The Third Circuit is the most recent court to hold that employees cannot pursue Section 1983 claims for claims that also arise under Title VII of the Civil Rights Act. Under Section 1983, a Plaintiff can proceed directly to court without going through the pre-lawsuit requirements of Title VII and the Americans with Disability Act (ADA).
The Third Circuit is the most recent of eight circuits to have considered whether employees could bypass Title VII and bring a claim against their employer for discrimination under Section 1983 instead. Each of the eight circuits (including the Third Circuit) that have weighed in has concluded that plaintiff-employees cannot bypass Title VII. This was a case of first impression in the Third Circuit.
In this case, the plaintiff, Cheryl Williams, filed a lawsuit against her former employer, the Pennsylvania Human Relations Commission (PHRC), and two of her former supervisor’s in their individual capacities as “state actors.” She alleged that she was discriminated against on the basis of her race and disability. Williams exhausted all her administrative remedies prior to filing suit. Because there is no individual liability provision under either Title VII or the Americans with Disabilities Act (ADA), she relied solely upon Section 1983 to attach her two supervisors in the suit.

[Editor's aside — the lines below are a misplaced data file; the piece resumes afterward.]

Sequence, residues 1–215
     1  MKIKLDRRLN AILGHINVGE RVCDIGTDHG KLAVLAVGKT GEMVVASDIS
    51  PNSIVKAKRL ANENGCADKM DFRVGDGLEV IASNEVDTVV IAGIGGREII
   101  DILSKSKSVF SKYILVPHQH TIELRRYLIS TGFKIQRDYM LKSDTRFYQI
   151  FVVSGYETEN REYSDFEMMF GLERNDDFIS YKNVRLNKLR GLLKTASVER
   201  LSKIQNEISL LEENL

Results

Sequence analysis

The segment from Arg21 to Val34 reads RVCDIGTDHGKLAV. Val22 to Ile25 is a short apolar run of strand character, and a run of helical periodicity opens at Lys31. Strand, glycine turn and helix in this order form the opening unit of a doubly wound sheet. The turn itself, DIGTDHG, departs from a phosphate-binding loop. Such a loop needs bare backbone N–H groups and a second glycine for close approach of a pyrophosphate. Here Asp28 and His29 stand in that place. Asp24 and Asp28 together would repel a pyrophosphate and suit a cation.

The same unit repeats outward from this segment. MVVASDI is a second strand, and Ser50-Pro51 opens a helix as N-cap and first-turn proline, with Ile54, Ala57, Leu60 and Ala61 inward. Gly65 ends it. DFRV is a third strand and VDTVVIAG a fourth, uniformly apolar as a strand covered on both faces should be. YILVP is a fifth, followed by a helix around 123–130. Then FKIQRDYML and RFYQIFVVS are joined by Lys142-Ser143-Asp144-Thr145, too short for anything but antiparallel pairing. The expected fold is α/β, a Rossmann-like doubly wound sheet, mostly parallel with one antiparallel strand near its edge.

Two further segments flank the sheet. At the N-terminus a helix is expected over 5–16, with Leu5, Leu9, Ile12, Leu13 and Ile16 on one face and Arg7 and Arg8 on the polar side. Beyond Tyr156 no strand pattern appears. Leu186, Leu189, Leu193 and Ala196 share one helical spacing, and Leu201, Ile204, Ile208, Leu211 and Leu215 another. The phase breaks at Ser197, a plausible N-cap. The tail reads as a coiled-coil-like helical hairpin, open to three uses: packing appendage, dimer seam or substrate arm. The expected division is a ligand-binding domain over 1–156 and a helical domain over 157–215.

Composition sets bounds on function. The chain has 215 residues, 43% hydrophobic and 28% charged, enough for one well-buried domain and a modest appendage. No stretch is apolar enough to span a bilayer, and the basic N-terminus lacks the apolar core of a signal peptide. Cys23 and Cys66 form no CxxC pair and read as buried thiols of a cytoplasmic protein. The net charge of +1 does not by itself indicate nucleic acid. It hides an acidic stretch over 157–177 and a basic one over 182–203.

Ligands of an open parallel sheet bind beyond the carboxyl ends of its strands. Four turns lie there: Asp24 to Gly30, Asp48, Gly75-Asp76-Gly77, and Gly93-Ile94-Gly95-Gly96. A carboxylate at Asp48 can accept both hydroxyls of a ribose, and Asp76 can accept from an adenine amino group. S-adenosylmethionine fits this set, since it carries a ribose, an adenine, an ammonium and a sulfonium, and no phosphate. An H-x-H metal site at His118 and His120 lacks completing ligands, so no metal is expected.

The Western District of Pennsylvania granted Summary Judgment to her former employer, PHRC, finding that Title VII and the ADA do not create an individually enforceable right under Section 1983. On appeal to the Third Circuit, the Court affirmed the entry of Summary Judgment in favor of PHRC. The Court explained that Section 1983 contains no administrative scheme like Title VII and the ADA, which include filing deadlines and limited liability for individual state actors.
According to the Court, by allowing Title VII or ADA claims to be filed as Section 1983 claims would thwart the carefully crafted administrative scheme enacted by Congress, and throw a backdoor open to our federal courts when the front door has been purposefully fortified. In other words, plaintiffs cannot bypass Title VII to avoid administrative remedies under other provisions.
In short, plaintiffs who seek to recover for workplace discrimination must abide by the full administrative process outlined in Title VII and the ADA.
Philadelphia Employment Lawyers at Sidkoff, Pincus & Green P.C. Represent Clients in Actions Filed Under Title VII and the ADA
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